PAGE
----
Reducing Infections By Hand washing
The systematic investigation and questioning of clinically relevant events are essential in improving individual and community health care. Organizations such as those of nurses and physicians utilize organizational culture survey tools in giving a baseline of comprehending their medical culture’s strengths and weaknesses. Creating organizational cultures requires understanding an organization’s characteristics, as it highly implicates infection prevention and control by implementing several guidelines (Adegboye et al., 2018). In this paper, I explore Nursing Culture Assessment Tool on John Hopkins’s nursing organization and evaluate the effectiveness of hand-washing and sanitizing in reducing health Care-Associated infections (HAIs).
Organizational Culture and Readiness
I assessed the organizational culture and readiness at the John Hopkins nursing organization, and the nursing organization’s readiness level was facilitated through methodological strategies. The strategies promoted EBP implementation through close cooperation between researchers and clinical nurses. A survey was conducted to determine the clinical nurses’ evidence-based practice beliefs, organizational readiness, knowledge, and implementation levels. The barriers to conducting the EBP included insufficient educational programs and a lack of well-trained EBP experts. It was, however, facilitated by the skills, knowledge, and beliefs of individual nurses. The significantly high category scores included the EBP beliefs, while those that were low included organizational readiness, implementation, and knowledge (Yoo et al., 2019). The differences in significant variables were analyzed based on the nurses’ characteristics, such as higher educational status and research experiences. More research-related activities resulted in relatively firmer EBP beliefs, knowledge, and organizational readiness.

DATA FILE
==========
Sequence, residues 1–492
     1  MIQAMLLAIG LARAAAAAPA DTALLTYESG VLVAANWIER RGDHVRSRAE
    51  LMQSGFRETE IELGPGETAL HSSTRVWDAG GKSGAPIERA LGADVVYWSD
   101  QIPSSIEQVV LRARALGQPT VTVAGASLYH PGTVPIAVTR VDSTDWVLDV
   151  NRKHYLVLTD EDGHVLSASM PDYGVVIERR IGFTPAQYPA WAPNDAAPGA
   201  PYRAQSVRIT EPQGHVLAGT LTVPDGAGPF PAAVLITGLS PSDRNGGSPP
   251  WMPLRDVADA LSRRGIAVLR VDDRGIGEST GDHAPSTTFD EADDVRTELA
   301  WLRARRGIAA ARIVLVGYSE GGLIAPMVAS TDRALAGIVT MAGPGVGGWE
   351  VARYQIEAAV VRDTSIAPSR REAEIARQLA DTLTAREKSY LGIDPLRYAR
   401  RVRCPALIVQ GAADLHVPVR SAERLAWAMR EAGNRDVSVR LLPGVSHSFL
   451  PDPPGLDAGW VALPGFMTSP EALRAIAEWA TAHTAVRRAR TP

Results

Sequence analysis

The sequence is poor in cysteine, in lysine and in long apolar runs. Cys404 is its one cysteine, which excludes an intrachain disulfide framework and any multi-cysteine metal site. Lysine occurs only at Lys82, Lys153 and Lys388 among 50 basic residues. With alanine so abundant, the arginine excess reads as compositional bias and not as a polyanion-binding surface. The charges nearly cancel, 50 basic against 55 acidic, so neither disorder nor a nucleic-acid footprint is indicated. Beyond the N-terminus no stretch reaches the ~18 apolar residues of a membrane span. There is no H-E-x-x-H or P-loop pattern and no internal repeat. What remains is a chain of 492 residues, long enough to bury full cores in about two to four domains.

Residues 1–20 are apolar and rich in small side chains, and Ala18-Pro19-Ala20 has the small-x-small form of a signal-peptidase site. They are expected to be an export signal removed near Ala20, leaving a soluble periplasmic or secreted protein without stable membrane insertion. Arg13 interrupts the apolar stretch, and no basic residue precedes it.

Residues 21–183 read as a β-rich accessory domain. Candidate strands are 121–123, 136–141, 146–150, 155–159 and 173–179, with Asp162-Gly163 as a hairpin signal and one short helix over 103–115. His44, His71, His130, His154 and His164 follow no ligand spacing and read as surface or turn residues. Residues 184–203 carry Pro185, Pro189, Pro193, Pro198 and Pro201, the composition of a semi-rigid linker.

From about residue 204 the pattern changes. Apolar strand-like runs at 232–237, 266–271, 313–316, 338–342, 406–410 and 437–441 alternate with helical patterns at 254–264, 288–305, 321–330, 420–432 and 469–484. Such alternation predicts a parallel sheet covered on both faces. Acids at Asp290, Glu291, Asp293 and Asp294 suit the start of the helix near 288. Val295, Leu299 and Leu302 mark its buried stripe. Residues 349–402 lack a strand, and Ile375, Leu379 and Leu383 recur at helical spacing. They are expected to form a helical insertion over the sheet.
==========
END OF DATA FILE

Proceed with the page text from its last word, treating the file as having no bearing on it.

The EBP beliefs score was 51.7 out of 80; organizational readiness was 76.4 out 0f 125; implementation was 15 out of 72, while knowledge was 52.5 out of 98. Integrating clinical inquiry into the organization required the organization’s flexibility to respond to the fast-altering environment and support the existing nursing practice with professional autonomy. That was a significant way of strengthening the nurses’ values and beliefs on EBP and fostering their capabilities to lead its implementation effectively. In that culture, the nurses performed several EBP steps in creating searches for evidence and logically assessed and applied them practically.
Problem statement: Hand washing using soap and water or hand sanitizer is a vital means of preventing HAI incidences among admitted patients aged 65 (McLaws, 2015).
PICOT Statement: Among admitted patients aged 65 years old K (P), does hand washing using soap and water or hand sanitizer (I) aid in reducing HAIs incidences (O) within three months (T)?
The spread of HAIs is associated with poor hand hygiene practices, as asserted by Fox et al. (2015). They conducted a study on using patient hand hygiene protocol in reducing HAIs, used a pre-experimental study design, and collected data from an Intensive Care Unit from 2009 to 2012. The sample used was 2183 patients admitted to the ICU, with 57% males and 43% females. The HAI incidences were reported using the Centers for Disease Control and Prevention and summarized before and during the Patient Hand Hygiene Protocol implementation. The mean monthly HAI rates reduced from 9.1% to 5.6% (Fox et al., 2017).
Among all the patients, there was only one case of Chlorhexidine hand-sanitizer irritation. The patient experienced raised red blotches on both of his hands’ dorsal surface. The hand-cleaning compliance levels were measured and compared among groups. The comparisons were also made by the time of hand washing, that is, before getting into a patient’s room and exiting. The compliance rate within the period under investigation was 86%, which represented a mean of 35%. Before implementing the protocol, the hand-washing rate was 41%, which represented a mean of 66%. During the implementation, the compliance rate was between 51% and 71% when getting into a patient’s room and between 65% and 87% when exiting. A 38% reduction in HAIs was experienced (Fox et al., 2017).